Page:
• In a study published in September 2017 in The American Journal of Gastroenterology , researchers looked at a group of adults with heartburn and related symptoms who didn't experience relief from taking a proton pump inhibitor (PPI) drug . (everydayhealth.com)
  • Persistent heartburn can also be a sign of other problems, such as peptic ulcer or hiatal hernia. (uspharmacist.com)
  • But you might not know that persistent heartburn. (ammeglobe.com)
  • It can feel like chest pain behind your sternum, heartburn, pain with. (ammeglobe.com)
  • Heartburn usually feels like a burning chest pain beginning behind the breastbone and moving upward to the neck and throat. (heartburndiet.com)
  • Most people describe heartburn as a painful burning sensation in the chest, sometimes along with a sour taste in the mouth and throat. (uspharmacist.com)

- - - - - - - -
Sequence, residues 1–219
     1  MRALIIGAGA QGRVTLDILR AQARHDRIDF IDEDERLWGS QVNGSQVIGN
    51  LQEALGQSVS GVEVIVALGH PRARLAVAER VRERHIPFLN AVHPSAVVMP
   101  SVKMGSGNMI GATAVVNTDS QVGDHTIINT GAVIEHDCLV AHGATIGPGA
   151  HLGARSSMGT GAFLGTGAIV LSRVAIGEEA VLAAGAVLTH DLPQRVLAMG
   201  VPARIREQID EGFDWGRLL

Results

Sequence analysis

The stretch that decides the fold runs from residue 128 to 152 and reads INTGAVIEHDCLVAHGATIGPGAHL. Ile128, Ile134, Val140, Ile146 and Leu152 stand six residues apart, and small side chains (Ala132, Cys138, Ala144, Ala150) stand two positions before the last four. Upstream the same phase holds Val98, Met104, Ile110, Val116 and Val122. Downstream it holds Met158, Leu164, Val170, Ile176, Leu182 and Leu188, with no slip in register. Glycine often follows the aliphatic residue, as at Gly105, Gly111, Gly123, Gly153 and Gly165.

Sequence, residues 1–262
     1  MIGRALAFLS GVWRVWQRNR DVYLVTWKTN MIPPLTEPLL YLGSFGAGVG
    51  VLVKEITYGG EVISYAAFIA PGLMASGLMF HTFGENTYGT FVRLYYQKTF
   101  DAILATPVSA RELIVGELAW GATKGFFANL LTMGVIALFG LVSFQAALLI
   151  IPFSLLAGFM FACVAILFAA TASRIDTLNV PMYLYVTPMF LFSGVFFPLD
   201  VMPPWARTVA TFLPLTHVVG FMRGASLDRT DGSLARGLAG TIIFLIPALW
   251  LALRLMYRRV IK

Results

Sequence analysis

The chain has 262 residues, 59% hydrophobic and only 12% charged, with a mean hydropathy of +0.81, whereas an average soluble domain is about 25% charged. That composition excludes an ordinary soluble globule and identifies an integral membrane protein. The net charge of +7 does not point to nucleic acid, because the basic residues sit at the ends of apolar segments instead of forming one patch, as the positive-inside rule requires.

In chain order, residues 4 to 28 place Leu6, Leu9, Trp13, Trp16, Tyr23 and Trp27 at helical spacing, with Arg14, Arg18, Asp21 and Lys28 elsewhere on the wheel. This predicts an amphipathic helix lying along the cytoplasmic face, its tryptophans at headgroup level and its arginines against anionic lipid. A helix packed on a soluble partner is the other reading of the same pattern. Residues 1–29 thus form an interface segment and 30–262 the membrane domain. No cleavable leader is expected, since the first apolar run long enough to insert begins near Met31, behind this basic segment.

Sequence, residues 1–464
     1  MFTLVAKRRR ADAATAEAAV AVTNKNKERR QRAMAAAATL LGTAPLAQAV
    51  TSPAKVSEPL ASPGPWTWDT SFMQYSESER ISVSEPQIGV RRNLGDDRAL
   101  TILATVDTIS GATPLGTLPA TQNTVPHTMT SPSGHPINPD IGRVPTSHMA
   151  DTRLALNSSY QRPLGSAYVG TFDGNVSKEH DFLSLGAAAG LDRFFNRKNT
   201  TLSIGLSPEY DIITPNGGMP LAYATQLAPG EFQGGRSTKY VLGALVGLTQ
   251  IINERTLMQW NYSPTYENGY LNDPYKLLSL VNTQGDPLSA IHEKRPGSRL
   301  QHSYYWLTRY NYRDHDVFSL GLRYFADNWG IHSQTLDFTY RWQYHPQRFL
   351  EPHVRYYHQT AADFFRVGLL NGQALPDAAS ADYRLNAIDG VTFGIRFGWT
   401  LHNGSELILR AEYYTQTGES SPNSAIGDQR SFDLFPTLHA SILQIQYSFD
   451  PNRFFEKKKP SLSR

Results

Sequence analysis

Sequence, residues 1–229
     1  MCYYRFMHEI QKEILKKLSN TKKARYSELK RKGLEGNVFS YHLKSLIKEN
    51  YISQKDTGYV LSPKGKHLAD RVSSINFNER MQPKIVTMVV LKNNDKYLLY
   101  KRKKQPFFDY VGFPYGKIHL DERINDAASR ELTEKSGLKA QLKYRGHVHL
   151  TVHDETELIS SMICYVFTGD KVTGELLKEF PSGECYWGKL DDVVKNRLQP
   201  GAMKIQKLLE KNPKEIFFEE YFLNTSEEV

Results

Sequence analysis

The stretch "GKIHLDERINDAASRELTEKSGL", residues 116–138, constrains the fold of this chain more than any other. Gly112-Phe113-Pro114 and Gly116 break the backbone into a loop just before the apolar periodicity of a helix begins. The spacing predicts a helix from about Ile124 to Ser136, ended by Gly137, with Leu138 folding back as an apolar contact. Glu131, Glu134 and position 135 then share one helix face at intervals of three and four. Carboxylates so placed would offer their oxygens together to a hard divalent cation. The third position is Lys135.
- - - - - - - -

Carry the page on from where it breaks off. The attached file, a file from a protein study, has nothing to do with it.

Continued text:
• Heartburn often begins after you've eaten a large meal, but it can also be triggered by certain foods even if you don't eat very much. (everydayhealth.com)
  • There is a wide range of potentially problematic foods and other factors that can contribute to heartburn. (everydayhealth.com)
  • Heartburn can last for several hours and is often worse after eating, or when lying down, or when a person who just ate suddenly bends over. (heartburndiet.com)
  • Occasional heartburn is common, especially after eating a large meal, when bending over, or upon lying down. (uspharmacist.com)